Four Strategies For A Government-Driven Economy

Four Strategies For A Government-Driven Economy

OCEAN CITY – Initiatives began to flow from the White House practically from the moment Barack Obama took office as our 44th president. So far, there have been two centerpieces of the administration’s efforts. First came the American Recovery and Reinvestment Act, signed into law in February, which pumps $787 billion into state and local projects with the goal of jump-starting the economy and creating or saving millions of jobs. In March, Treasury Secretary Timothy Geithner revealed the details behind his ambitious plan to funnel as much as $2 trillion of public and private funds into a massive, multipronged effort to help stabilize the banking system, promote lending to businesses and consumers, and initiate efforts to help homeowners stave off foreclosure.

Expectations remain high for all the administration’s efforts, although it’s much too soon to know whether the plans, taken together, will satisfy many investors’ hopes for a quick solution to the financial crisis and economic uncertainty. In the meantime, a great deal of anxiety persists in the markets, along with varying opinions about what these government programs mean and how effective they will be.

So, what are investors to make of the spate of activity designed to pull the economy out of its downward spiral? As the government emerges as the primary driver of economic growth, it may be time to adjust your portfolio accordingly. As you do, consider four strategic directions that take advantage of the government’s more prominent role in economic recovery.

— Emphasize social benefits. While private-sector projects often benefit society at large, either directly or indirectly, most government initiatives cite broader societal goals as their primary focus. Investors may want to consider companies with explicit education, health care or environmental missions. Stimulus funds being directed to job retraining, for example — as well as for Pell Grants and higher federal loan limits — are positive indications for education-focused stocks.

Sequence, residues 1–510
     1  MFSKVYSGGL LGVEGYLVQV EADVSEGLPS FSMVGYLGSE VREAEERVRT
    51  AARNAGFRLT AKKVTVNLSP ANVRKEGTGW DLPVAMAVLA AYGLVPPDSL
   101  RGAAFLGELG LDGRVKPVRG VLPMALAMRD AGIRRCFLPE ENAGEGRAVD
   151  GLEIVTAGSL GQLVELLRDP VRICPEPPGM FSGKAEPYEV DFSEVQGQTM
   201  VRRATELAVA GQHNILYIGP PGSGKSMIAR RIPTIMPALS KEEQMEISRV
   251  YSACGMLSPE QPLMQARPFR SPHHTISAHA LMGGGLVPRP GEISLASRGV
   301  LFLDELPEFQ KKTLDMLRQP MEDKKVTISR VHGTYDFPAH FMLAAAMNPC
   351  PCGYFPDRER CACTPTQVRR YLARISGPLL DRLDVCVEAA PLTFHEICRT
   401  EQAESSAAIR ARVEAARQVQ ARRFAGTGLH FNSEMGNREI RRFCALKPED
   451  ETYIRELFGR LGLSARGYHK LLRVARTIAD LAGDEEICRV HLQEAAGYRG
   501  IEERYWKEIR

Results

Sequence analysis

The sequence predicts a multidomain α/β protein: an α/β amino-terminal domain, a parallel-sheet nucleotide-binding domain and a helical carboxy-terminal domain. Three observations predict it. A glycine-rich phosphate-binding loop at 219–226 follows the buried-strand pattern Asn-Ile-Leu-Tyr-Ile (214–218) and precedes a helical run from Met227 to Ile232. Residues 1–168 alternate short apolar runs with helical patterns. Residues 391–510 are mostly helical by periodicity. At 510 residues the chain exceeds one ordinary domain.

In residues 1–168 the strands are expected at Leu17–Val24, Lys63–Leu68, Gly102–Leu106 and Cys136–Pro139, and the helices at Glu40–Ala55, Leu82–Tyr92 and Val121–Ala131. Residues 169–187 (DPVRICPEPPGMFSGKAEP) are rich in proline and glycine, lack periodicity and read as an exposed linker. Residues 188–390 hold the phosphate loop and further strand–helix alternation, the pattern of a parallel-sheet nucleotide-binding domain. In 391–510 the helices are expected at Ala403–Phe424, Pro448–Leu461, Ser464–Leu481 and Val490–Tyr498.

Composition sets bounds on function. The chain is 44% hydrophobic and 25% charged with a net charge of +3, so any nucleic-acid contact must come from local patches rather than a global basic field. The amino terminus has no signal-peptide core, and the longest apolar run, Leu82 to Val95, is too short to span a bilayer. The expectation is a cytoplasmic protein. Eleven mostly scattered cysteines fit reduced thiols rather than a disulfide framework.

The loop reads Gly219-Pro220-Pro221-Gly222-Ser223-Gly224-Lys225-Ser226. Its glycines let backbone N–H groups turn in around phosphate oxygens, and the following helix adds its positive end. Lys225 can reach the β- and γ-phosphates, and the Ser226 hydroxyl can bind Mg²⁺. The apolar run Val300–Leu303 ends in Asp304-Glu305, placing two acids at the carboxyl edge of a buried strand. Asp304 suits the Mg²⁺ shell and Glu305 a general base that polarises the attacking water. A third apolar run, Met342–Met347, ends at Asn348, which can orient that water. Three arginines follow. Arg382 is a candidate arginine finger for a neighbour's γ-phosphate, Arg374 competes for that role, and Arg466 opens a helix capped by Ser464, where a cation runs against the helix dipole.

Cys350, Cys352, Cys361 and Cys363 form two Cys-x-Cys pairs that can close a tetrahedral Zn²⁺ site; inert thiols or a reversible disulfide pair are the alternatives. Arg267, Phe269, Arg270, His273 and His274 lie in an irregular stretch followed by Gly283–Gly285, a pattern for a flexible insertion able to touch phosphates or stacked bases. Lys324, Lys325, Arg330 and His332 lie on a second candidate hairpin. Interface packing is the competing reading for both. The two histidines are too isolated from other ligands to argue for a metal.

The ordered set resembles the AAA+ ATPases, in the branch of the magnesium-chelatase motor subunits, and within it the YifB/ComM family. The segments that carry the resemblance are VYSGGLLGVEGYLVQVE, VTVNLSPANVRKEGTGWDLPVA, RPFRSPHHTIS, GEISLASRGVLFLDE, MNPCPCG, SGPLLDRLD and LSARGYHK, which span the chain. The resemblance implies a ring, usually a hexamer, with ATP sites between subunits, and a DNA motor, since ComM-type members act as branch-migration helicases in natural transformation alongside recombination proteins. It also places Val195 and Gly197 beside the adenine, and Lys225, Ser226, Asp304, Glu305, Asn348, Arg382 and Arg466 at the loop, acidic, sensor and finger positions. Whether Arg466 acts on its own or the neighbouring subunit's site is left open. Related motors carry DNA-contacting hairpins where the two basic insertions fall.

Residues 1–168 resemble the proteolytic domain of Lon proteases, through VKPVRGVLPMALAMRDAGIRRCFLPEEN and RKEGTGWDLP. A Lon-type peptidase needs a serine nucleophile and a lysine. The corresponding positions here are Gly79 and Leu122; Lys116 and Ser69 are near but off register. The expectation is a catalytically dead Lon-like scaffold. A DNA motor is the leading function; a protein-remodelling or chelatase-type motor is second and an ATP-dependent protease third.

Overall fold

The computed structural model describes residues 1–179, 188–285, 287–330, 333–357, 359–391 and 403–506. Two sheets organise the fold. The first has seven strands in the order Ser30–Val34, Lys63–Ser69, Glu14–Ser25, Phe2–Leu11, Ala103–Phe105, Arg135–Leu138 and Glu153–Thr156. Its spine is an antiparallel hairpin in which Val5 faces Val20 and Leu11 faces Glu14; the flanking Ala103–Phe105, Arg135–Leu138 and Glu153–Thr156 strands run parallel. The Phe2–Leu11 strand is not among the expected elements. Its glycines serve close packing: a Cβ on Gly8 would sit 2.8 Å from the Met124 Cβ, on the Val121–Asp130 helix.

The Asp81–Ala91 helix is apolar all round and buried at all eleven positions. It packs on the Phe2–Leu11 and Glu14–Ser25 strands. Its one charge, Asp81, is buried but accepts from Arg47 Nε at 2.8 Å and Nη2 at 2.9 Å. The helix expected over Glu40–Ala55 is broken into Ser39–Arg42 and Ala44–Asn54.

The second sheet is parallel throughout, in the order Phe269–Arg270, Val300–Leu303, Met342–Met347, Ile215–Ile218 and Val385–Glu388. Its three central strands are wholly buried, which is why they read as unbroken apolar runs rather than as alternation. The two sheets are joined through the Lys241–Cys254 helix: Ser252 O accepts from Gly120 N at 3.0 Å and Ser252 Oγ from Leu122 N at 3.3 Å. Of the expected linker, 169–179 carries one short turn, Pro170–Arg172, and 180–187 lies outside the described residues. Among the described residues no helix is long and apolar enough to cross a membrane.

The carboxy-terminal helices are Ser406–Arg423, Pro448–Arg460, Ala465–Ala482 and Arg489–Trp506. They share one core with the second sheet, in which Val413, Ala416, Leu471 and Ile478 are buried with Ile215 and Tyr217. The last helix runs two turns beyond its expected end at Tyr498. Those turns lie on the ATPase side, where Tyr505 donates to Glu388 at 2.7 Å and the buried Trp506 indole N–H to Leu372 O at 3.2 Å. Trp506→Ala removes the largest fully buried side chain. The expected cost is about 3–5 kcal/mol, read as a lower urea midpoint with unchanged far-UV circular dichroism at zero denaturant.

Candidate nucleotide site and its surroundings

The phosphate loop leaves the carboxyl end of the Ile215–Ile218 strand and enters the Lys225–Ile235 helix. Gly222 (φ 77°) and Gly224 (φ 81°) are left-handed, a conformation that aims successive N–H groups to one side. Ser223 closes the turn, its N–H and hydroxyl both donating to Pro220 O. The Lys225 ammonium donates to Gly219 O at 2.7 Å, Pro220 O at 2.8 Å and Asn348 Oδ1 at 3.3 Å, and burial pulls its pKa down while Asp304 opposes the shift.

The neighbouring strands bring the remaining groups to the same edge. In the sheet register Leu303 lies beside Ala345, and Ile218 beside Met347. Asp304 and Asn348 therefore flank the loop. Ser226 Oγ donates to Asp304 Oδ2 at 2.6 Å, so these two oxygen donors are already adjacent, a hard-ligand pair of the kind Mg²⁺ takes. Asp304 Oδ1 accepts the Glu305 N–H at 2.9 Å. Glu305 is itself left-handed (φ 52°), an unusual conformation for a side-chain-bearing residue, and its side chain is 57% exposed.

— Stick with stronger bonds. The overall safety of bonds — which has been a growing concern in a weakening economy — is showing recent signs of improvement, largely because the percentage of the bond market wholly or partially backed by the government has escalated from a low of less than 67% in the spring of 2007 to nearly 73% in early 2009. This government backstop is helping to offset discouraging private-sector earnings news, which could put additional pressure on corporate debt.

Focus on high-quality stocks. The surge in government spending may not do much to bolster the broad equity market, which isn’t likely to improve until companies’ core businesses begin to show signs of growth. Some sectors, however, could see the positive effects of government outlays earlier than that. For example, stocks in the defense industry, one clear government priority, tend to perform better under Democratic administrations than under Republican ones.

— Don’t overreact to inflation worries. Because huge government expenditures often lead to inflation, many analysts have fretted that consumer prices, now flat or falling, could soon surge higher. That possibility could affect investors in three years, but for now employment, credit and wages continue to decline, making near-term worries about inflation seem misplaced.

By concentrating on the opportunities presented by new realities, you and your financial advisor can shape an investment strategy that’s truly built for the future.

(A Merrill Lynch Senior Financial Advisor. She can be reached at 410-213-8520.)